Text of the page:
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Quality Time at Woolrich Woolen Mills

In a sea of travel websites, we believe what makes Escape Brooklyn stand out is the quality of information. We may not be the biggest travel website out there, but we’re proud to provide our readership with beautiful photography and quality information—rather than just spouting out information for places we’ve never been for the sake of content, or money. It’s for this reason that we have an ongoing partnership with the folks at Woolrich, who just as we do, believe in quality.

Each year, a 30,000+ square foot factory in mid-Pennsylvania churns out tens of thousands of the finest blankets made in the USA. Because of their dedication to quality, and community, when it was cheaper to move factories overseas, the family-owned company kept their Pennsylvania factory continuously running—even through tough times of war and depression. Earlier this summer, our friends at Woolrich invited us out to their corporate headquarters, their famous mill, and off-site conference center Brayton Lodge for the weekend to show us what quality means to them.

The Woolrich Heritage: 185 Years of Quality Blankets

Woolrich’s heritage begins with John Rich, an English immigrant who founded the company in 1830. Since then, the legendary blankets have kept both soldiers and civilians warm, spanning the Civil War, WWI and WWII. Even during tough times, the mill was kept open and operating; Woolrich knew that too many people in the community depended on it to close. When the Great Depression hit, Woolrich built off-site cabins for staffers to keep the company moving forward. Today, it’s at the oldest continuously operating vertical mill in the United States. These days, the company is still going strong, with more than 250 staffers working together to design and produce a unique line of products.

Touring the Woolrich Woolen Mills is a step back into time; the same, massive machines have been making blankets for over 185 years. Some span entire rooms, sprawling throughout the three-story warehouse. Guided by Joyce Rasener, visitors are taken through the process where raw wool is precessed into yarn, then woven into fabric and blankets. Each blanket then goes through quality inspection multiple times before they’re shipped off to wholesalers, shops and distribution centers.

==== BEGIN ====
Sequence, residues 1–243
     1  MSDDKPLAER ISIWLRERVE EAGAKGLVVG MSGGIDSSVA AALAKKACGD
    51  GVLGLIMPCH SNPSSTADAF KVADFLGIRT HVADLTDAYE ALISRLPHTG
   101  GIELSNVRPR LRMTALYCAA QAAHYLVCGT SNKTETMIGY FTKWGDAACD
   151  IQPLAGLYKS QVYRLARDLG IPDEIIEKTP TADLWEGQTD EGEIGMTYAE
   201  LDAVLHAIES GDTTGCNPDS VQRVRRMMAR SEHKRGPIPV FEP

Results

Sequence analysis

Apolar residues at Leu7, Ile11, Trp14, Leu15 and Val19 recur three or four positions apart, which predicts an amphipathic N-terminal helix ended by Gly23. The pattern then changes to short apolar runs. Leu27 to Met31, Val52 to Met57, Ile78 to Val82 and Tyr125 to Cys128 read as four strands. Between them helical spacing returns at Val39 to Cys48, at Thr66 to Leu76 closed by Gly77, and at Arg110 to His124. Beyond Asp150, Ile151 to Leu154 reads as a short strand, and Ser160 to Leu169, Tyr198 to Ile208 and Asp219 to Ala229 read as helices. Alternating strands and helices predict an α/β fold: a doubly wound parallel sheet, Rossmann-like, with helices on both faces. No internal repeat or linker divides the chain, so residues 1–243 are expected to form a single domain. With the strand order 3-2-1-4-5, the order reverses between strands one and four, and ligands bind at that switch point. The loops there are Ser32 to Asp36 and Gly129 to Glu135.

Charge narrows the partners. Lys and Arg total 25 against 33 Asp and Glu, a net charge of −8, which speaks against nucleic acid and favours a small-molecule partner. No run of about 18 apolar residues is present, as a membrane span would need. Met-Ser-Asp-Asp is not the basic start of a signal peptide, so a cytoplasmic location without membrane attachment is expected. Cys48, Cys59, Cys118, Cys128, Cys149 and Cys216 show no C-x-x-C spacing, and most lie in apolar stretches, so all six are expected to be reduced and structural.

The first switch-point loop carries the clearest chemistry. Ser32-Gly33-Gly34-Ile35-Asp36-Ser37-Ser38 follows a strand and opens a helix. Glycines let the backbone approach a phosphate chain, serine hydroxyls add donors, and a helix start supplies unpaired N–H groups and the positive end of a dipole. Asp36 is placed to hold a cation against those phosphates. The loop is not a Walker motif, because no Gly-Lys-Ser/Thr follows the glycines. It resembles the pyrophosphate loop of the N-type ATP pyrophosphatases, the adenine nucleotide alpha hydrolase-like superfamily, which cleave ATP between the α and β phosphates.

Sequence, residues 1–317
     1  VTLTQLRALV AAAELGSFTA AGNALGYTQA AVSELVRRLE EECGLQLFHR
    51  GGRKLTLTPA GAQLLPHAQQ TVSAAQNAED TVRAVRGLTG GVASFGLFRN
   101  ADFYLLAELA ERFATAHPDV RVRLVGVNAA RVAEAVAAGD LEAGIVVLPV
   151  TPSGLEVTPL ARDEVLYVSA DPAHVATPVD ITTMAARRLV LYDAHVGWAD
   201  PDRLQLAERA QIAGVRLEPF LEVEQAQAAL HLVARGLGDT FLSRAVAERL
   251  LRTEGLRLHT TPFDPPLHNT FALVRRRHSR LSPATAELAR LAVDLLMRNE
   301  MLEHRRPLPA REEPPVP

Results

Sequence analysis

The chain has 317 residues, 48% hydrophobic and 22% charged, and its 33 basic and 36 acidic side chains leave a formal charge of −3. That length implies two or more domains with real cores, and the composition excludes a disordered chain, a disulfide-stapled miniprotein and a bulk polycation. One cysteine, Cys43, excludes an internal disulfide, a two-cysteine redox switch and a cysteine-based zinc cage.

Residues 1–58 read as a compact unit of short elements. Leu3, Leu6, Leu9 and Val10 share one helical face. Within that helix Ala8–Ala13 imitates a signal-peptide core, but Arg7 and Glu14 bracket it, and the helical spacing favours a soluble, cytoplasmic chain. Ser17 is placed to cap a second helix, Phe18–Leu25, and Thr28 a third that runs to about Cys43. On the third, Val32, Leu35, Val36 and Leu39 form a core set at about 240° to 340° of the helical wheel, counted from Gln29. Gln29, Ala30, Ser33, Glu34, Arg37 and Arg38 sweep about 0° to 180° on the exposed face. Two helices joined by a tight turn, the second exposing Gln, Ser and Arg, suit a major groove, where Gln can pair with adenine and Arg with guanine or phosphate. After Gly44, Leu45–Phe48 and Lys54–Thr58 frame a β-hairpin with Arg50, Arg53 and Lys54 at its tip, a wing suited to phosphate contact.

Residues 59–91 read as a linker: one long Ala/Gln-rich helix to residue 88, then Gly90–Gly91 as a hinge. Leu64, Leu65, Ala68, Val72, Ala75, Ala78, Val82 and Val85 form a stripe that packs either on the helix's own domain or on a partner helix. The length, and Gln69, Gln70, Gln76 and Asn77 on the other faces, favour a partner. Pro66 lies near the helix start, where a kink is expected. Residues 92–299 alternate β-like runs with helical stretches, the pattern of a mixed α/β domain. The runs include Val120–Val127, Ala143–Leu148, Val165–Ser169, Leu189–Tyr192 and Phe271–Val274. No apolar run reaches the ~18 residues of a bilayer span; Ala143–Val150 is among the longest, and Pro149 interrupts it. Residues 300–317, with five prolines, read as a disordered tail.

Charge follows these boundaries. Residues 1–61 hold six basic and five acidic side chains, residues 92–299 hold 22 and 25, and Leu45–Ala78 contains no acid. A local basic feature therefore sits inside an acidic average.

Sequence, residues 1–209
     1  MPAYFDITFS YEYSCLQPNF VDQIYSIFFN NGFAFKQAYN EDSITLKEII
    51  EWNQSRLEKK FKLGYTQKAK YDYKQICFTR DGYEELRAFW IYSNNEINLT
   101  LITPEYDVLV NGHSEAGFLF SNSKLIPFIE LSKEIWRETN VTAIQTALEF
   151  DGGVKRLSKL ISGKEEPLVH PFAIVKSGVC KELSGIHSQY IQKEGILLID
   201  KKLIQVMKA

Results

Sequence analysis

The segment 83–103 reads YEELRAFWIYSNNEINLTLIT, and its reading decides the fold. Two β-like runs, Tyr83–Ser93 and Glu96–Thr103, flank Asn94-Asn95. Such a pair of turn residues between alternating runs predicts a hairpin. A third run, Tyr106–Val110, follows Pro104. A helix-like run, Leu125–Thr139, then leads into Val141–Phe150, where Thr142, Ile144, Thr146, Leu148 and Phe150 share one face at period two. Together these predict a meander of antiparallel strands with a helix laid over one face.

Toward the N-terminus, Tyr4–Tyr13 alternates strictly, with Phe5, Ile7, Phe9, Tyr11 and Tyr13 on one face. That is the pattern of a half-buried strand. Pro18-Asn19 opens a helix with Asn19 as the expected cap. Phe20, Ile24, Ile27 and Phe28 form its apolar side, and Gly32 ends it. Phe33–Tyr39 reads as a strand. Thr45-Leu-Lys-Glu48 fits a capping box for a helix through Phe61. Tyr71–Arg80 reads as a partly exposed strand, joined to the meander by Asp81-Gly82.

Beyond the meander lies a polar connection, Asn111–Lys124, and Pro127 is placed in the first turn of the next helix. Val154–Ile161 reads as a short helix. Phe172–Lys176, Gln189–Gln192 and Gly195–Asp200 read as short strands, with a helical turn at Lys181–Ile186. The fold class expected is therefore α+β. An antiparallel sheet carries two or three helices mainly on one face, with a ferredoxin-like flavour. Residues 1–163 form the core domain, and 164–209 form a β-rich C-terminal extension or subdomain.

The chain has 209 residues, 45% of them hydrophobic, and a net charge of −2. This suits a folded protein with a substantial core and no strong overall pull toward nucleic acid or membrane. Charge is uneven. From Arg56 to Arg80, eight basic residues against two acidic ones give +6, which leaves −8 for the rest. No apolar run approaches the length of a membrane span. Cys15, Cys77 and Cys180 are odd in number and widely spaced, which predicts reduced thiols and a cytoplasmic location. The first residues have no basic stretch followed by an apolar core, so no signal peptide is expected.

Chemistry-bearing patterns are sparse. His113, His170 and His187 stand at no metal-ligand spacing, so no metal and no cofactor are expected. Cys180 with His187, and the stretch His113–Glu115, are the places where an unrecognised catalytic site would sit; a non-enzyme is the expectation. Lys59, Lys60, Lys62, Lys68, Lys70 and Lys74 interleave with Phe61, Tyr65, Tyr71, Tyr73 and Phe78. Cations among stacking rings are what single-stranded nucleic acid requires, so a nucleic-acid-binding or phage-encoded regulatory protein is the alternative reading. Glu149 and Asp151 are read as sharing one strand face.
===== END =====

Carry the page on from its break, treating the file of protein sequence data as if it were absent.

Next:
Wanna visit the factory? Tours are free and open to the public once a month, May through October. Check their website for dates and availability. Check out our gallery below to take a peek into the historic mill.

A Peek Inside Woolrich’s Brayton Lodge

During our visit to Woolrich, PA, we were lucky enough to stay at Brayton Lodge, an off-site conference center for Woolrich employees and visitors. The huge, four-bedroom lodge hosted our group of friends from Ohio, Pennsylvania and New York. We spent our mornings sipping coffee with hearty breakfasts prepared by Mary Ann, the lodge’s caretaker; evenings were spent on the back patio, overlooking the Algheny Mountains.

WOOLRICH LODGE EXTERIOR 3WOOLRICH LODGE INTERIOR LOOKING DOWNWOOLRICH LODGE BEDROOM INTERIOR

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